Here, the patient focuses on the traumatic image, the negative idea, and the bodily sensations. The practitioner moves their fingers or a light source in front of the patient's eyes, alternately from side to side. Other stimuli, such as sounds or tactile stimulations, can also be used in this phase.

The patient follows the natural mental associations that occur during this exercise. The series of stimulations continue until the memory is no longer a source of disturbance and is associated with calm feelings and positive, constructive thoughts.


This phase aims to verify the accuracy of the positive belief and strengthen its link with the targeted memory.

Body Scan

The goal here is to connect the positive belief established during the installation phase with the physical sensations felt by the patient.


At the end of an EMDR session, the practitioner ensures the patient is in a stable emotional state. They also prepare the patient to react appropriately (through relaxation exercises) if the memory of the traumatic experience resurfaces between sessions.


At the beginning of the next session, the practitioner evaluates the effects of the previous session and decides whether to continue treating the same memory or move on to another targeted memory.

Each session lasts between 60 and 90 minutes. It is possible to have up to 3 sessions for an isolated trauma, or up to 20 for a more significant case.

Who should you consult for EMDR therapy?

To practice EMDR in the US, therapists must complete EMDR Basic Training, which is often offered by organizations like the EMDR International Association (EMDRIA). This training includes both didactic and practical components. EMDR can be practiced by a licensed psychotherapist, psychologist, or psychiatrist, in an office, hospital, or even online.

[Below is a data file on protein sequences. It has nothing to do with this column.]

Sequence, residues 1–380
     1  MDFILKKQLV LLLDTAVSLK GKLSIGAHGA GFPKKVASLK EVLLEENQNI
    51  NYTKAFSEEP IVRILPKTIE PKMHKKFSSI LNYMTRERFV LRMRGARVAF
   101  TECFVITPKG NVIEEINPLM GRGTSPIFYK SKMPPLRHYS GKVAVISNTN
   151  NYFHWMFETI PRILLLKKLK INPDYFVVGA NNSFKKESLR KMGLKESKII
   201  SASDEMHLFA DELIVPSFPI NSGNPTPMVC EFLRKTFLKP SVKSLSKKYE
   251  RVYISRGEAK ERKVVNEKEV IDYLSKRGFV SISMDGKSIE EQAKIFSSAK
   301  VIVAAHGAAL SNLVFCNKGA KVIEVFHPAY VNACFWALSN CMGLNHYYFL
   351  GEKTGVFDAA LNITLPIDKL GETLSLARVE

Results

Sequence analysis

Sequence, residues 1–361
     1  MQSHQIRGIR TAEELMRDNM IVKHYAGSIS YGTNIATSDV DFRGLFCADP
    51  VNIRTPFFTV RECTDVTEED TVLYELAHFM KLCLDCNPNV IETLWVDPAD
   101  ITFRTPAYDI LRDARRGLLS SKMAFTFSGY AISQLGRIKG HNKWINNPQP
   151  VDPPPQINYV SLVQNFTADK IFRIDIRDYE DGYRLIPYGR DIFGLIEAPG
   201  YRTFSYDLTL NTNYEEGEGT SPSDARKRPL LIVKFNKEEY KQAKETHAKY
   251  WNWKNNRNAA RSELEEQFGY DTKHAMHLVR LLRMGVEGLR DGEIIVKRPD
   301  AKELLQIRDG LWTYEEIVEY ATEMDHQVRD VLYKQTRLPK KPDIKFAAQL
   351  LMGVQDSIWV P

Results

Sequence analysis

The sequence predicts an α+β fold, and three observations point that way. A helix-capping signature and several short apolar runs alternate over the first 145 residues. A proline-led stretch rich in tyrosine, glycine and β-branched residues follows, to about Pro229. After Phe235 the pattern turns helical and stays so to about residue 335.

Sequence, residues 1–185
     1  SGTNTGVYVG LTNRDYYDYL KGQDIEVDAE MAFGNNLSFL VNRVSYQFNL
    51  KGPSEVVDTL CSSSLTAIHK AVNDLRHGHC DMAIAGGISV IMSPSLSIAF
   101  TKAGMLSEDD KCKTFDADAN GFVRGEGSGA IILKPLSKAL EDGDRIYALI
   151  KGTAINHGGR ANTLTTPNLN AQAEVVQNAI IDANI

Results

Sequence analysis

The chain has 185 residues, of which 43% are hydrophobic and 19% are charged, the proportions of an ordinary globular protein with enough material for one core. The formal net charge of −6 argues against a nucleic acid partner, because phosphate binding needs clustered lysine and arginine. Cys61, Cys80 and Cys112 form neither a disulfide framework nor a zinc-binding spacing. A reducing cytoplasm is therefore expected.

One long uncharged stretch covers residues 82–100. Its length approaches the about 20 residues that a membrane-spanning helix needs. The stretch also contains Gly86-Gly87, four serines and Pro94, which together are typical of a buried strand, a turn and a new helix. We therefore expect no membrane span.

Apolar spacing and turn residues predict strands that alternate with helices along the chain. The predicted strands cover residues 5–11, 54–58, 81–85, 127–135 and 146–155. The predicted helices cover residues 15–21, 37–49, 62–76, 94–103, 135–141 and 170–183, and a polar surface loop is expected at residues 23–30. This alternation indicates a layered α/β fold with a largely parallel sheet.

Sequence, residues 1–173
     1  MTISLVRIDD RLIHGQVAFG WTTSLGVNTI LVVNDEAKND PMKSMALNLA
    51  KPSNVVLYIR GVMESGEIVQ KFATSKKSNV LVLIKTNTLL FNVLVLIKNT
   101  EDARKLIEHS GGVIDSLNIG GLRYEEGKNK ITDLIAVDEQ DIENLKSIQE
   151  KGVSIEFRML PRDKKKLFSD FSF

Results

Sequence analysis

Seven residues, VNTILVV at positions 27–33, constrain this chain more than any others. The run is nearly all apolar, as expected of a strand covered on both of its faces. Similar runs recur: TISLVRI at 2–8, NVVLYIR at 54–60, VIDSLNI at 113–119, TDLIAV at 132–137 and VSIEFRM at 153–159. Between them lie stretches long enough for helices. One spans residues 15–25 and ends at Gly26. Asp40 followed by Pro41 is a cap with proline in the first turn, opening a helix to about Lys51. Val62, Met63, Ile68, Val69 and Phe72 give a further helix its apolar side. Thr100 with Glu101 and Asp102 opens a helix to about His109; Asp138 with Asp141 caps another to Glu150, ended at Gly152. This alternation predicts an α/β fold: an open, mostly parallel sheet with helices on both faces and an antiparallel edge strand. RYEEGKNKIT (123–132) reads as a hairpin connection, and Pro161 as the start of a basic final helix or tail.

Caution: when the traumatic event has caused deep disturbances, EMDR is not without risk, and it is better to avoid it. Sessions can indeed trigger severe dissociative episodes, which are then difficult to treat.

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Take care!

avatar Candice Salomé

Author: Candice Salomé, Health Writer

Candice is a content creator at Carenity and specialzes in writing health articles. She has a particular interest in the fields of women's health, well-being and sports. 

Candice holds a master's degree in... >> Learn more

Who reviewed it: Victoire Schultz, Health Writer

Victoire holds a bachelor's degree in psychology and is currently pursuing a master's in health data sciences.

Today, Victoire works at Carenity as a Data Scientist intern, where she leverages her knowledge in... >> Learn more

1 comment

on 6/8/24

Hello and happy weekend. Stay well. EMDR, I'm in it. Kinda diff, but cool too. We used to do tappers, not eye movements, to help w stressors, but, now I'm thinking of moving again, so we're more just talking. Forget why I thought it's good idea, but therapist is amazing!! Waiting on new cell, so at local library using computers to finish emails & catch up. If EMDR is of interest, do research to find best fit, therapist-wise for u. Typically there are limited amount of sessions.